Responsible Center: NASA JSC
Grant Monitor: Whitmore, Mihriban
Center Contact: 281-244-1004
Solicitation / Funding Source: Directed Research
Grant/Contract No.: Directed Research
Project Type: GROUND
No. of Post Docs: 0
No. of PhD Candidates: 0
No. of Master's Candidates: 0
No. of Bachelor's Candidates: 0
No. of PhD Degrees: 0
No. of Master's Degrees: 0
No. of Bachelor's Degrees: 0
|| As humans continue to explore deep into space, microorganisms will travel with them. Spacecraft missions mitigate the risk of infectious disease through vehicle design and operational controls. The effectiveness of these controls are evaluated by microbiological monitoring of spacecraft, food, water, and the crew that is performed preflight, in-flight, and post-flight. Current requirements associated with microbiological monitoring are predicated on a culture-based methodology where microorganisms are grown on a semi-solid growth medium and colonies are enumerated. Subsequent identification of the organisms requires specialized labor and large equipment and historically has been performed on Earth.
NASA’s current culture-based requirements limit the types of technology that can be used. This limitation is demonstrated by culture-based "measurement criteria", which are in Colony Forming Units (CFU, representing the growth of one microorganism at a single location on the agar medium) per a given volume, area, or sample size. As the CFU unit by definition is culture-based, these requirements limit alternative technologies for spaceflight applications. As spaceflight missions such as those to Mars extend further into space, culture-based technology (and associated consumables) will become difficult to implement due to limitations in shelf life, stowage volume, and mass.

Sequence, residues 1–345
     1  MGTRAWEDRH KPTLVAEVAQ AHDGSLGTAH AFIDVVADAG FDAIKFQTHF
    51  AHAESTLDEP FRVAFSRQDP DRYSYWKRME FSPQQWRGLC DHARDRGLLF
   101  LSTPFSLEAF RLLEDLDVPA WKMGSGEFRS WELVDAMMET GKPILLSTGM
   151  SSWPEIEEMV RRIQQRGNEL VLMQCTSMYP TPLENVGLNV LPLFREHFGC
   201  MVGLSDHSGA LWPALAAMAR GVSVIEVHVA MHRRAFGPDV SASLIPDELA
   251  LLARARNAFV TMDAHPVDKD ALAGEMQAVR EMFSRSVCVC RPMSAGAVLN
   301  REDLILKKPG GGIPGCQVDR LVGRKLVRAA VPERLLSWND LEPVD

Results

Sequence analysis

In addition, an extensive amount of new knowledge has become available over the life of the International Space Station (ISS), which give direction for new or modified microbial control requirements for vehicle design and mission operations
The goal of this task is to develop and recommend a new set of requirements for vehicle design and mission operations, including microbiological monitoring, based upon “lessons learned” and new technology. These new requirements will be based on (1) Space Shuttle and ISS design and operational “lessons learned” and (2) new/advanced technologies that may be translated for spaceflight monitoring applications. Requirements will be focused on the types of samples, specifically:
• potable water
• spaceflight food
• environmental samples, such as vehicle air and vehicle and cargo surfaces
Toward this goal, the specific research aims of this study are:
Aim 1 – To use historical data to assess optimal requirements for vehicle design and mission operations. This “lessons learned” approach will be incorporated in a microbial risk assessment approach to recommend removal of unnecessary requirements, optimization of current requirements, and implementation of new requirements.
Aim 2 – To assess current and near term technologies for application toward next-generation monitoring requirements. This aim will also focus on defining gaps between optimal requirements and available technologies/flight resources.
Aim 3 – To define practical monitoring requirements for (a) immediate development of next generation ground operations and flight hardware and (b) long term goals for future requirements, if different than those delivered in (a).
|Rationale for HRP Directed Research:
|| This Task focuses on studies to (1) define and validate suspected risks and (2) investigate and apply technology toward new mission requirements. Findings from these directed studies will lead to subsequent solicitations. As such, the Task contains components that are Highly Constrained, potentially including data mining of unpublished data, crew medical data and feedback on spacecraft environments, as well as the evaluation of new technology for future spaceflight requirements.